The palace was originally built in 1569, under orders of Holy Roman Emperor Maximilian II. The grounds around the early summer palace was fenced and filled with game (e.g. pheasants, ducks, deer and boar), in order to serve as the court’s recreational hunting ground. Each successive Haspburg generation extended the palace and gardens; additions added to the palace over its 250 year history as an imperial summer residence include a palmery, an orangery, a zoo (yes, they had a private zoo), a maze, formal French-style gardens, English-style gardens, and a herbal garden. We spent virtually all day exploring Schönbrunn Palace and its gardens and we did not get time to explore all of its 435 acres. What we did see was beautiful though. It was especially nice to see so many people using the gardens to relax in – the gardens are freely open to the public as a park.
The garden axis points towards a 60m high hill which has, since 1775, been crowned by a large pavillion called The Gloriette. This structure was commissioned by Empress Maria Theresa to glorify the Haspburg’s victories in war. The Gloriette today houses a café and provides expansive views over the city of Vienna.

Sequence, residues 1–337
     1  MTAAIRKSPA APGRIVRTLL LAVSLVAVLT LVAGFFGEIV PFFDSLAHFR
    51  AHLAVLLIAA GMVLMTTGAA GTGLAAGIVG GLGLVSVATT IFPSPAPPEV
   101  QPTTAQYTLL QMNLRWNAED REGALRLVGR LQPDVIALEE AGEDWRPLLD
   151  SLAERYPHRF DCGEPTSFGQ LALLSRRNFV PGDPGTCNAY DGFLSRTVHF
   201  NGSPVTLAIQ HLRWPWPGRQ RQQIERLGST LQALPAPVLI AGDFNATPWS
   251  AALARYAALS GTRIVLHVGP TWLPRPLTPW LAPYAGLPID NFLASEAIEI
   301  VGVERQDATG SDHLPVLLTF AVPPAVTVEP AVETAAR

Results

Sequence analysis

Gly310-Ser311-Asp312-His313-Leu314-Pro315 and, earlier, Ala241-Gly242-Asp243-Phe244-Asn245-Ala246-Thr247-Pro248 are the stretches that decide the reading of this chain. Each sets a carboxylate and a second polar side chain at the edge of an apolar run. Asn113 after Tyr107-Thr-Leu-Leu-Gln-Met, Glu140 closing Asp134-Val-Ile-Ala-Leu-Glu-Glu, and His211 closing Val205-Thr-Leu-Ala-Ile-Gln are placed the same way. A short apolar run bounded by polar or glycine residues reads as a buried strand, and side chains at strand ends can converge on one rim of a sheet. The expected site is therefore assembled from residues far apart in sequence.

Empress Maria Theresa features strongly throughout the tour through Schönbrunn Palace and its gardens as she commissioned a number of additions and renovations that remain today. By all accounats she was a strong-willed, domineering woman, who fought off all attempts to force her to take a background role in the ruling of the Holy Roman Empire and let her husband rule instead. She claimed the title of Empress for herself as her birthright and ruled as the only female leader of the Holy Roman Empire for 43 years. It’s interesting to see how women who rose to power in times when females were generally not allowed to occupy such roles (e.g. Queen Elizabeth of England, Catherine the Great of Russia, Empress Maria Theresa of Austria), are uniformly remembered as being incredibly strong willed and forceful in character. I guess that’s the only way they could have succeeded in those roles.